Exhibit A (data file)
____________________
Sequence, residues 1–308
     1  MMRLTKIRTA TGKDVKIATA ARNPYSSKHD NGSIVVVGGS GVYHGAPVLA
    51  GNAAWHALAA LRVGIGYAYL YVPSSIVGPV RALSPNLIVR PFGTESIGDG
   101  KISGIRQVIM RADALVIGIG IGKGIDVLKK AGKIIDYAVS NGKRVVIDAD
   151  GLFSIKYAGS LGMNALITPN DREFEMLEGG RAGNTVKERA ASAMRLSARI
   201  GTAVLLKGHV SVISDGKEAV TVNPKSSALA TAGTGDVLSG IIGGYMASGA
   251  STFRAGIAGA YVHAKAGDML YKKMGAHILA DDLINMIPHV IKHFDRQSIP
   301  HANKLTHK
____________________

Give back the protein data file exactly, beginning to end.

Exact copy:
Sequence, residues 1–308
     1  MMRLTKIRTA TGKDVKIATA ARNPYSSKHD NGSIVVVGGS GVYHGAPVLA
    51  GNAAWHALAA LRVGIGYAYL YVPSSIVGPV RALSPNLIVR PFGTESIGDG
   101  KISGIRQVIM RADALVIGIG IGKGIDVLKK AGKIIDYAVS NGKRVVIDAD
   151  GLFSIKYAGS LGMNALITPN DREFEMLEGG RAGNTVKERA ASAMRLSARI
   201  GTAVLLKGHV SVISDGKEAV TVNPKSSALA TAGTGDVLSG IIGGYMASGA
   251  STFRAGIAGA YVHAKAGDML YKKMGAHILA DDLINMIPHV IKHFDRQSIP
   301  HANKLTHK